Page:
- North Carolina
Use our list to find spots to view all the clusters, meteorites and constellations you can see with your bare eyes.
Winter is always the best time of year for stargazing. Skies are generally dry and clear, and light pollution is toned down. A clear night without moonlight makes for ideal stargazing, so new moons and crescent moons are optimal for viewing the heavens. Of course, you can warm up some hot cocoa or brew up a pot of coffee and huddle in your backyard with your family, friends or roommate, but for a truly out-of-this-world experience, head out and high. Any mountain where you can get away from smog and ambient light or into some wide open spaces (the more wide open, the better, such as the desert or in the middle of the ocean). In general, the higher the altitude, the better the view. Here are some of the country’s greatest spots for seeing all the shooting stars, meteorites, clusters and sparkling brilliance the night sky has to offer.
Big Bend National Park, Texas
They don’t sing that song (“the stars at night/are big and bright/…deep in the heart of Texas”) for nothing. On a clear night at Big Bend National Park, you can see 2 million light-years away and 2,000 stars will be visible to the naked eye. Located in southwest Texas on the border of Mexico and the Rio Grande, Big Bend is remote and infrequently cloudy.
Skies at Big Bend National Park illuminated at night
Bryce Canyon National Park, Utah
“The Dark Rangers” may sound like a crew found at a comic book convention but, really, it’s Bryce Canyon’s own special force of park rangers and volunteer astronomers focused on preserving the sanctuary of natural darkness.
On a clear night, 7,500 stars are visible to the naked eye at this unique “cave without a ceiling,” as it’s sometimes fondly called. In fact, the annual Astronomy Festival takes place in May, featuring an annular “ring” solar eclipse.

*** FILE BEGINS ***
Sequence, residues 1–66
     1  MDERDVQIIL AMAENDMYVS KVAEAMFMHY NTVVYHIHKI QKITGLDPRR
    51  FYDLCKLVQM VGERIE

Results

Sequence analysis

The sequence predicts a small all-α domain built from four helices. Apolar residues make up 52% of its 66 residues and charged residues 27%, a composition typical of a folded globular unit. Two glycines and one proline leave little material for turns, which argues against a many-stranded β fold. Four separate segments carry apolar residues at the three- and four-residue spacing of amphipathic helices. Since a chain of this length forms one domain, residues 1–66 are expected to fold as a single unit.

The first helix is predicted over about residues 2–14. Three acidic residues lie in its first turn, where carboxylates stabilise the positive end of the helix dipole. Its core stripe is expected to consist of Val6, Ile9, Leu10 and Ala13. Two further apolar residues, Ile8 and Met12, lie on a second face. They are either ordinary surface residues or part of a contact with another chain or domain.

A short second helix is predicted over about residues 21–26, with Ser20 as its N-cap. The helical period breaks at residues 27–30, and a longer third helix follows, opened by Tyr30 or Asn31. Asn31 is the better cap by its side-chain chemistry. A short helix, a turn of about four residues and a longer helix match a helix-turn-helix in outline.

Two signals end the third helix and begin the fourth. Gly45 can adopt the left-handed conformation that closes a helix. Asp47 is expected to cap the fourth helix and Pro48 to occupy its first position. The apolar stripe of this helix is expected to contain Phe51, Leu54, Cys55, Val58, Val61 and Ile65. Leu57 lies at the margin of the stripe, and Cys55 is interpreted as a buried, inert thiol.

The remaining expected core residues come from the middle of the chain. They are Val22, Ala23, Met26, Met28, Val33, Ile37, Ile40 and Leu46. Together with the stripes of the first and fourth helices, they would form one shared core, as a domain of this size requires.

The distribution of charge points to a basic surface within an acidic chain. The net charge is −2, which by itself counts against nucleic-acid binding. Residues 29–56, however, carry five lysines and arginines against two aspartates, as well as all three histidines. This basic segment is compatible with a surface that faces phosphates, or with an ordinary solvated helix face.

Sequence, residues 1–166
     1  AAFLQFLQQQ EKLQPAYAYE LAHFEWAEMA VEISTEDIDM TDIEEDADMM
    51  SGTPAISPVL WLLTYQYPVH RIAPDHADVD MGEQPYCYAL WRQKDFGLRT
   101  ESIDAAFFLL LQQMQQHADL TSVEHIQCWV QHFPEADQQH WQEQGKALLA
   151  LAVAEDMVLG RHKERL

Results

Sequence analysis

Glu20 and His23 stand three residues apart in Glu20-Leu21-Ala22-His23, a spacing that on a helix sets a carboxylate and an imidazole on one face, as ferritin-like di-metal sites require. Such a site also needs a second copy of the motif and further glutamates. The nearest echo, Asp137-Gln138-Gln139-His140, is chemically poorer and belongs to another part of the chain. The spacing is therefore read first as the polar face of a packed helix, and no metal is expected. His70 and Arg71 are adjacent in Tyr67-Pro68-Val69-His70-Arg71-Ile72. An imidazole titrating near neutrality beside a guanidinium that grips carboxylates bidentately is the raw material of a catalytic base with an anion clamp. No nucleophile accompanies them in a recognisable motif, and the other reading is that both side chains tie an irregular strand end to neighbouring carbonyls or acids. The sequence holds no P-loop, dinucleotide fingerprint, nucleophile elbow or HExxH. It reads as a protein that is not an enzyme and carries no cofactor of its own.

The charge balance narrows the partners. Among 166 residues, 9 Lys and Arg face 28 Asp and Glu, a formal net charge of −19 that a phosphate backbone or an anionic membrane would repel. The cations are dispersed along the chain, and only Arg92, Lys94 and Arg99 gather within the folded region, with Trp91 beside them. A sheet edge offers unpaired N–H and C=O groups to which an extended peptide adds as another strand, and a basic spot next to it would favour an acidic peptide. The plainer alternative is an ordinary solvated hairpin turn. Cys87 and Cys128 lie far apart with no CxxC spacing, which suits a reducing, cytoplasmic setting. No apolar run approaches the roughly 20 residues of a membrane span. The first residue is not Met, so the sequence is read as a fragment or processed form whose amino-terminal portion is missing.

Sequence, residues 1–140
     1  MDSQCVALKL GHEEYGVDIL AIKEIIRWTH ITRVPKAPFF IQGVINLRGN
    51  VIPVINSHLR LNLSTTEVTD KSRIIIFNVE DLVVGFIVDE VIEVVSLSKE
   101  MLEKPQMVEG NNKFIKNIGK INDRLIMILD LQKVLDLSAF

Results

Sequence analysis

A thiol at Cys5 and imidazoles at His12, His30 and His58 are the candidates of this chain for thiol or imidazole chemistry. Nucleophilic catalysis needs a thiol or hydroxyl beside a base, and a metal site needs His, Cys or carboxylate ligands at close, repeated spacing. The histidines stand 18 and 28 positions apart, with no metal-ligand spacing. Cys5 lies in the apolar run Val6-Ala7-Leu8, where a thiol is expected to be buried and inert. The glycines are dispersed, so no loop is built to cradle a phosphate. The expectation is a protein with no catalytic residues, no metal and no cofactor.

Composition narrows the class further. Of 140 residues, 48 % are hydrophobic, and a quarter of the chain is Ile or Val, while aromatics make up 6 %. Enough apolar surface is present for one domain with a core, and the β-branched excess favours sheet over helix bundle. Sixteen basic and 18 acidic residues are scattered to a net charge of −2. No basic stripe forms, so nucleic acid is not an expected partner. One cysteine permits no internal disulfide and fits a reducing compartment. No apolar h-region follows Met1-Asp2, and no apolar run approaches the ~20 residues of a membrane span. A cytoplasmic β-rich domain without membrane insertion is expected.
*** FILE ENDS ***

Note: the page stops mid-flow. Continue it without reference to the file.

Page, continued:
Some of more than 7,500 stars visible above Bryce Canyon
Cape Hatteras National Seashore, Outer Banks, North Carolina
With over 70 miles of barrier islands in a rural area, the Outer Banks is one of the most ideal places on the east coast to become engulfed by the awesome night scene. The National Seashore even offers a summer evening program called “Night Lights” that explores the heavens and the ocean’s stars: bioluminescent plankton sparkling and glowing in the dark along the shoreline.
Bodie Island Light Station at the Cape Hatteras National Seashore
Lewis and Clark National Forest, Great Falls, Montana
The Lewis and Clark Interpretive Center, with the Central Montana Astronomy Society, hosts a monthly Star Party at its facility. They set up the stargazing experience with large telescopes and explanations of all celestial observations. The event occurs Friday evenings closest to the new moon, and is subject to weather conditions.
Lewis and Clark National Forest in the Crazy Mountains
Hawaii Volcanoes National Park, Big Island, Hawaii
When you’re on any Hawaiian island, the thing to remember is that you’re really standing on a big rock way out in the middle of the Pacific Ocean – they say there are more stars here than there are grains of sand. Weather can be iffy on the more lush islands, but an overnight trip to the Big Island’s often arid Hawaii Volcanoes National Park may be just the ticket for an optimal stargazing experience. Park rangers will give you a star chart to follow.
Checking out the stars above Hawaii Volcanoes National Park
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